Not all of Vienna’s history is about balls, carriages, cake, and cafés. The city had its darker episodes in the past, too. The end of one of the darkest underpins the Fest der Freude (Festival of Joy), an annual free concert and memorial event.
- Celebrates the end of Nazi oppression while also remembering the victims
- Free classical concert on Heldenplatz square from the Wiener Symphoniker Orchestra
- Always scheduled for May 8
- Takes place virtually in 2021
- See also: Concerts in Vienna | Summer Night Concert
The 8th of May
(Heldenplatz – site of the concert)
On May 8, 1945 (Victory in Europe Day), the German army surrendered unconditionally to the allies, bringing to an end the years of Nazi rule and oppression.
The Fest der Freude is an open-air evening event that celebrates the occasion with a free concert. The festival begins, however, with statements and speeches reflecting the dual nature of the anniversary.
On the one hand, there is joy at victory over the Nazis. On the other, sadness at the many millions who lost their lives, particularly through the evils of the Holocaust.
The organisers (Mauthausen Komitee Österreich) work to preserve the legacy of the victim through memorial events such as the May 8 concert and through activities aimed at combatting fascism and racism.
The location – Vienna’s Heldenplatz square – has particular resonance. On March 15, 1938, around a quarter of a million people gathered there to listen to Hitler as he formally announced the annexation of Austria by Germany from the balcony of the National Library. Most of the crowd approved of his speech.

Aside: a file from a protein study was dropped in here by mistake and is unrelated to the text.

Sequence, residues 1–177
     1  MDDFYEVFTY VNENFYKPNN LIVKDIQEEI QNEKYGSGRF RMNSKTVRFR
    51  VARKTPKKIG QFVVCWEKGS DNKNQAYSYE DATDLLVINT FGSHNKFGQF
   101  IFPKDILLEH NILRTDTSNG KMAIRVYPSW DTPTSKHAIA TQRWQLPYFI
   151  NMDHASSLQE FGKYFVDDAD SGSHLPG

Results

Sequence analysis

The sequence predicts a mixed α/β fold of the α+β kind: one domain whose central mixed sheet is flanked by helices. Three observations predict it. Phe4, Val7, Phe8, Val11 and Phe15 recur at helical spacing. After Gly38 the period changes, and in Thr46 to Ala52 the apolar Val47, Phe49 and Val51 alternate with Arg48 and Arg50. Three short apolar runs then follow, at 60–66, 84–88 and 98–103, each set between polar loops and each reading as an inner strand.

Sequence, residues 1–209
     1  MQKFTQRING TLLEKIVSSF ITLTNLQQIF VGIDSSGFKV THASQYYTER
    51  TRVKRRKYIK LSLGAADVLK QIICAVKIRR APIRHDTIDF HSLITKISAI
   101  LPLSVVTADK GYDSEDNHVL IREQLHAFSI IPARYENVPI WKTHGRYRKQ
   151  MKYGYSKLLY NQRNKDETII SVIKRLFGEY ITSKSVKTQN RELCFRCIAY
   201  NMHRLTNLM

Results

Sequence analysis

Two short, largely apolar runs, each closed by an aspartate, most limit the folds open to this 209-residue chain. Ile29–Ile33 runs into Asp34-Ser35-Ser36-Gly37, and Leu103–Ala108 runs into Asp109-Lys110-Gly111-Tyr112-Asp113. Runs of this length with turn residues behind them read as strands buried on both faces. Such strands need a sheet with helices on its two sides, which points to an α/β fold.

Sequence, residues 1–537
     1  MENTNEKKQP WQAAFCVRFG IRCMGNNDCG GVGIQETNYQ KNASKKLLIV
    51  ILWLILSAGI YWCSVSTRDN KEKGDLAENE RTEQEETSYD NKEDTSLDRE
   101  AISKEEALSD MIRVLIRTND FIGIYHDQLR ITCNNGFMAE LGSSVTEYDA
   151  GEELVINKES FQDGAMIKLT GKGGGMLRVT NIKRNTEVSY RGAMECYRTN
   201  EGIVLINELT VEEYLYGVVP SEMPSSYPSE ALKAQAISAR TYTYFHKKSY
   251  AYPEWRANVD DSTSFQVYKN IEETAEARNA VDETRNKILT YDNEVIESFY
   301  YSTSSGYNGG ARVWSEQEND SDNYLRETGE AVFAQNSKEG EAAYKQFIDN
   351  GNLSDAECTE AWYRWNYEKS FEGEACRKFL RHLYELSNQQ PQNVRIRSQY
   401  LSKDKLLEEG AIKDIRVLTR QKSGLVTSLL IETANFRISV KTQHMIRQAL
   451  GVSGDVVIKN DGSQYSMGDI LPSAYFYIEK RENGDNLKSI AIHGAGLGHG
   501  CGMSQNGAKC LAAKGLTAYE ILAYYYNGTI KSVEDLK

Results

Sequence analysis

The concert itself sees the square light up in colour as the audience enjoys some of the planet’s best musicians performing a programme of classical music. It all typically ends with the traditional Ode to Joy (written by Beethoven while resident in Vienna and since adopted as the official anthem of Europe).
The “house” orchestra for the occasion is none other than the Wiener Symphoniker, ably supported by different choirs and soloists each year. In 2021, the conductor is scheduled to be Karina Canellakis, chief conductor of the Netherlands Radio Philharmonic Orchestra.
As such, it’s a chance to hear a world-class orchestra in a magnificent setting (for free) and reflect on how the wheel of time sometimes turns in a more positive direction.
2021 dates and tickets
The Fest der Freude always takes place on May 8th. However, the 2021 event will be entirely virtual – livestreamed from 6pm.
In normal years, Heldenplatz square in Vienna’s centre hosts the event, with free entry – you require no ticket. The whole thing lasts about 90-120 minutes.
There are limited seats put out, and these are intended for those who truly need them. Video walls show close-ups for those unable to get a place near to the stage.
How to get there
Spend more than an hour or so in Vienna and you’ll have been to Heldenplatz. It sits at one end of the Hofburg Palace, close to the very centre of town.
Subway: The nearest stations are Herrengasse on the U3 line and Volkstheater on the U3 and U2 lines.
Tram/bus: The 1, 2, D and 71 tram lines stop at either end of Heldenplatz. Get out at Ring/Volkstheater or Burgring.
Address: Heldenplatz, 1010 Vienna | Website
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